The usual convention for establishing simultaneity in relativity theory fixes the time of a distant event by measuring the amount of time that it would take a light signal to travel to that event and back, and then dividing that duration in half. (The justification for this is that light always goes the same speed, thus it would take the light signal the same amount of time to travel to a point as it would for the light signal to return.) Adopting this convention yields the Schwarzschild coordinates for a black hole spacetime, as expressed in Equation 1. As we mentioned in Section 1, this solution also describes the spacetime outside of a sphere of matter (it is this fact that allows us to identify the parameter M with the mass of a black hole, even though a pure black hole spacetime is matter-free). Thus, if we consider a sphere of matter that is collapsing under its own weight, more and more of space will be described by the Schwarzschild solution, as less and less of the space is covered by the matter. However, if we describe this collapse using the Schwarzschild time coordinate, the sphere will never pass through the Schwarzschild radius (the event horizon). This can be viewed as a consequence of the fact that time slows down near the event horizon, and so it takes longer and longer for our ingoing light signals to turn around and return to us. Because light signals from inside the event horizon never make it out to the external world, the usual simultaneity convention (and the Schwarzschild coordinates) fail to describe the interior of a black hole. A spacetime diagram of a black hole using Schwarzschild coordinates (ignoring the spherical coordinate) will appear as in Figure 1.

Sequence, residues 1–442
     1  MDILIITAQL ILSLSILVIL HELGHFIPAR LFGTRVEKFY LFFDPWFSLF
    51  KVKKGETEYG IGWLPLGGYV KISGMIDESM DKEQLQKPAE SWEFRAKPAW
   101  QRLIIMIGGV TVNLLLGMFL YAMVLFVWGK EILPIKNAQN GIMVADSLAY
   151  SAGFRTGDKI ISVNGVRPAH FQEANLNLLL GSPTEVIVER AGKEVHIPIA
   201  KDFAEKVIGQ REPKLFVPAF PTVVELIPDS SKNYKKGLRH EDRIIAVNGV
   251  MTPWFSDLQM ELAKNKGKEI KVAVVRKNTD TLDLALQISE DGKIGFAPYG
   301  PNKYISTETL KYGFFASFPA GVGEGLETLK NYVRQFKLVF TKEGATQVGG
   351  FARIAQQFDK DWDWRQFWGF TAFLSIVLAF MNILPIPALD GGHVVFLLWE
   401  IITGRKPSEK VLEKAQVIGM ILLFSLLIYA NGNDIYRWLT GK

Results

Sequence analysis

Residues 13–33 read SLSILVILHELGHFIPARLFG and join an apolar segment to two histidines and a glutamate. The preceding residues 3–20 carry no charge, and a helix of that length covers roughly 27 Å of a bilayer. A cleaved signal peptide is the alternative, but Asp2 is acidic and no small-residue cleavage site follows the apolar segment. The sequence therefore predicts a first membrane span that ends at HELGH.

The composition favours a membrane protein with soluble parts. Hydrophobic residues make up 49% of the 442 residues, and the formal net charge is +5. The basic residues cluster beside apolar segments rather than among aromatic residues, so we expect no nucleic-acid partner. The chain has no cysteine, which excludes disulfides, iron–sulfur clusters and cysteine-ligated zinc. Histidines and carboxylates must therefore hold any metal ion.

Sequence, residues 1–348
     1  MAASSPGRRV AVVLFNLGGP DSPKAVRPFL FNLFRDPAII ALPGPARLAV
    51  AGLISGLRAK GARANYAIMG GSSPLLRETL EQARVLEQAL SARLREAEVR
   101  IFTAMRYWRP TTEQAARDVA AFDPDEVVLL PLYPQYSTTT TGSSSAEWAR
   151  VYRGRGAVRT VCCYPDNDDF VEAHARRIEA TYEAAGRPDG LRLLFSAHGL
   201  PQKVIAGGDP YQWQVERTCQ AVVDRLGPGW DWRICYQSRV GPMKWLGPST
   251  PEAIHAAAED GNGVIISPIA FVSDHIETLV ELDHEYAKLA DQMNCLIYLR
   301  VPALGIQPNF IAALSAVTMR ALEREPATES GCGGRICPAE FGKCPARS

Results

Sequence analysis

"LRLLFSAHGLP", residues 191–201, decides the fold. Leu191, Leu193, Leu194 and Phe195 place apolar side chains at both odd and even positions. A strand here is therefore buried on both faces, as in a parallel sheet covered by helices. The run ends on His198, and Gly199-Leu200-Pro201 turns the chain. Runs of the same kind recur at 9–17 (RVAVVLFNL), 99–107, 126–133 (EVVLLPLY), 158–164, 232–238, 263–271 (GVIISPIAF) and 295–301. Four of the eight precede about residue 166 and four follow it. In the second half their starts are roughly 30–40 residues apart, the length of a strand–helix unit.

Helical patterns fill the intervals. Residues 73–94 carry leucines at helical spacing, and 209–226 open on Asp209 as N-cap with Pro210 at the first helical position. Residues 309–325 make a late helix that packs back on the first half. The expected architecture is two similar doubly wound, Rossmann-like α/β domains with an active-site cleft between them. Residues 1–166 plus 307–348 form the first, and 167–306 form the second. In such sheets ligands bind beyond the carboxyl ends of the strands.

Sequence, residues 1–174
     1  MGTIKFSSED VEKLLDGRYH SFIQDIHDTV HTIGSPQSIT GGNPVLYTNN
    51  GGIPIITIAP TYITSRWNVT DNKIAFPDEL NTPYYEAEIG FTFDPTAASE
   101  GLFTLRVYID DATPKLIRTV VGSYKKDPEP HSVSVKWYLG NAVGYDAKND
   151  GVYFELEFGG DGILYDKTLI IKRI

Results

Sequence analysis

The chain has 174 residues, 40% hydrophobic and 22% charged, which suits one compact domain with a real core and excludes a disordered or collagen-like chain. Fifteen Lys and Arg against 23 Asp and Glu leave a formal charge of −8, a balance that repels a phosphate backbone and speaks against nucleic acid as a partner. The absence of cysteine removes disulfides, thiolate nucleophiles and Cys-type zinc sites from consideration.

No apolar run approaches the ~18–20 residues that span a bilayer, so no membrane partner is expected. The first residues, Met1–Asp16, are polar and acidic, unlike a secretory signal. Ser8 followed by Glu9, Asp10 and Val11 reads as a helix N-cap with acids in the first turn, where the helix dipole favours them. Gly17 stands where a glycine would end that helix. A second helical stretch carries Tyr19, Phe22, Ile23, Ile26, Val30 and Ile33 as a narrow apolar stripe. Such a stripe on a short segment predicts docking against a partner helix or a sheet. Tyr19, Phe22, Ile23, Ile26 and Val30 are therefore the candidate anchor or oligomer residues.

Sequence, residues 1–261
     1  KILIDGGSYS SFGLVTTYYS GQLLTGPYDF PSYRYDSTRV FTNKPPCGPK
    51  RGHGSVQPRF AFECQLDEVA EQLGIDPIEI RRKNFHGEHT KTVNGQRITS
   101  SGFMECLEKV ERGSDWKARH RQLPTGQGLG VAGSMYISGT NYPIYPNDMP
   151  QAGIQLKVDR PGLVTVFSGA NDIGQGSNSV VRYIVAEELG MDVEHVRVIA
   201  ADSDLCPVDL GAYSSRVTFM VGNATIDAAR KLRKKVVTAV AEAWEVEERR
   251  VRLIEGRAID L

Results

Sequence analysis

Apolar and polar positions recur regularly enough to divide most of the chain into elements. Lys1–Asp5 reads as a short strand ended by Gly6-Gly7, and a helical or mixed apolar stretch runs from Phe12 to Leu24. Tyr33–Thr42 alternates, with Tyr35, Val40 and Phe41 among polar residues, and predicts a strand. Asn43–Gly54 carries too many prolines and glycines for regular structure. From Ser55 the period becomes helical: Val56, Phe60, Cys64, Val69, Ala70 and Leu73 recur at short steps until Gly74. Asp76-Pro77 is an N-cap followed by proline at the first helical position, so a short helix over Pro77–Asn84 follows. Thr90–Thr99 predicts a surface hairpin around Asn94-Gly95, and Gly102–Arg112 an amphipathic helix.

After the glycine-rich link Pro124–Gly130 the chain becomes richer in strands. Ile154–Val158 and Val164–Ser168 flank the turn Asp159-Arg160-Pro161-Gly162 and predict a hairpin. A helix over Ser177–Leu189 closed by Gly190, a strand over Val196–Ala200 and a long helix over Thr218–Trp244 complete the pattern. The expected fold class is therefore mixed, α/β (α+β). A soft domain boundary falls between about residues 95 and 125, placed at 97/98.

Figure 1: Black hole formation in Schwarzschild coordinates.